I was getting cabin fever watching the rain drip over the edge of a canopy designed to catch sunlight only as my buddy – who inspired the character Søren in Book of Blues – caught up on his cigar. He blew smoke circles through the New Mexican monsoon – both halves of that half-inch of rain – past the sparsely filled parking lot and across the US Highway where was parked a semi trailer carrying boxed goods. I started to think about the truck driver of that semi trailer. Who was he? Why did he park there? Make his 500 mile max for the day? Tired? Vivarin not kick in yet? Still too sober – we were in New Mexico. I asked my friend, “Søren .”

“Let’s go talk to the truck driver.”

“Talk to him about what?” asked Søren, twinkle of curiosity sparkled in his eye.

“Everything. I mean, why is he there?”

“Who knows. Maybe he needs his rest?” considered Søren, stoking the fire.

“But I want to know. I want to write about it.”

“You are writing about it,” said Søren, watching his fire grow.

“What the hell do you mean?” I asked, befuddled.

“In here,” he said, pointing to his chest,”You don’t always need paper to write.”

As this memorable conversation came back to me and danced with the conversation I had with the designer blue-eyed lady, I happened back to the events of the last few minutes with Bling. His intention wasn’t to be a good samaritan; it was to get phone numbers. Then, he reconsidered. But in the end, despite what path got him there, he ended up where he was supposed to be that evening – being a Samaritan. “Not the destination but the journey that’s important” and all those Zenisms. I put that moral together with the designer blue-eyed lady pointing out who I am is not in relation to what I accommplish. And then I filled in Bling’s lesson and the designer blue-eyed lady’s moral with my friend “Søren” and his lesson in Alamogordo, pointing out that it’s not that I follow an accepted standard of craftsmenship, but that my spirit is applying the craft that makes me who I am.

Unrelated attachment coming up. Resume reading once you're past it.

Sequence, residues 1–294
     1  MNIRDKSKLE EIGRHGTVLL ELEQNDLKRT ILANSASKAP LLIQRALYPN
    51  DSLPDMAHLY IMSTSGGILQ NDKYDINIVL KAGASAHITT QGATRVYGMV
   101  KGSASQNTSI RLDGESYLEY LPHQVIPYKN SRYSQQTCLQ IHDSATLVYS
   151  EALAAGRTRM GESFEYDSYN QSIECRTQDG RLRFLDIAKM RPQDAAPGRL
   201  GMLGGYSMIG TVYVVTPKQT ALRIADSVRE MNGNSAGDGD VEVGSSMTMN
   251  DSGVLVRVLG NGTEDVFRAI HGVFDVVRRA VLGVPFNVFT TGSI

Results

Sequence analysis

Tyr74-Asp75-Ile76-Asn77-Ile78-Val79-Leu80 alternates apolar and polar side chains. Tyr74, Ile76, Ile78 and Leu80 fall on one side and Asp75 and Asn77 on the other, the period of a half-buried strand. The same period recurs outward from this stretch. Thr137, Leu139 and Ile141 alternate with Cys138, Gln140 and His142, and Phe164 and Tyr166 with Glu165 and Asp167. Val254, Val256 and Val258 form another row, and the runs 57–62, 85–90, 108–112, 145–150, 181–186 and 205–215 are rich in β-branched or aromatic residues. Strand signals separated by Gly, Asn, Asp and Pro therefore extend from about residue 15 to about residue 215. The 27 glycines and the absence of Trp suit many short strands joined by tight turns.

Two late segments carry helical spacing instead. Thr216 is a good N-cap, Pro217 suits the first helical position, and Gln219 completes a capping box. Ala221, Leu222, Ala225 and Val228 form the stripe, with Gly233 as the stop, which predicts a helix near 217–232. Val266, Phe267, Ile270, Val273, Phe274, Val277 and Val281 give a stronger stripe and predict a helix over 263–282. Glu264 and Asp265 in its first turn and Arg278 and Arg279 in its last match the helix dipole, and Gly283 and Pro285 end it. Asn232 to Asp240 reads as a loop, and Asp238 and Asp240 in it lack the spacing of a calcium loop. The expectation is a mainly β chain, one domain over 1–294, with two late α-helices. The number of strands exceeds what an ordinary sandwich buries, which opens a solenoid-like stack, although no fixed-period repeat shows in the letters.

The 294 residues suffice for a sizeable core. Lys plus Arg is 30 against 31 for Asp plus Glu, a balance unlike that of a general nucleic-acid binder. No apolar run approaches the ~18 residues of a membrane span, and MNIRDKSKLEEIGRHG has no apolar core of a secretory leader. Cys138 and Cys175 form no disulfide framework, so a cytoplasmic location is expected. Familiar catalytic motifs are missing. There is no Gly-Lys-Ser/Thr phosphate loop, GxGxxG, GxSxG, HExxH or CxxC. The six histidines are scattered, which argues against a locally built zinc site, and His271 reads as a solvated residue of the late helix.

These events rattled in my head for all three blocks before I came to a resolution, and the resolution allowed me to continue the slalom at a peaceful groove:

Some people say you are as how you are defined by your actions. Others say you are as your essence dictates. I don’t believe in either. I don’t have to. Perception is the only thing that suggests I have to believe in either a “defined by actions” or “defined by essense” philosophy and since Perception is just a diva who never wears the same outfit twice, then I abstain, courteously. I do pay a little more attention to the “defined by essence” philsophy because I find the real good people that way. But I do hope that those who use the “defined by action” theory to define those around them will find that I have done more than what my label “writer” suggests – if the “define by action” believers are using my harsh definition of “writer.” If they judge me so, they may take a read of Book of Blues, and so long as people read Book of Blues then I get what I want from that philosophical war because if I am defined by anything, I am defined by Book of Blues.

Sh*t. I guess that makes me a writer afterall.

A revelation. I thank everyone for being where they were supposed to be, whether or not they intended to be there.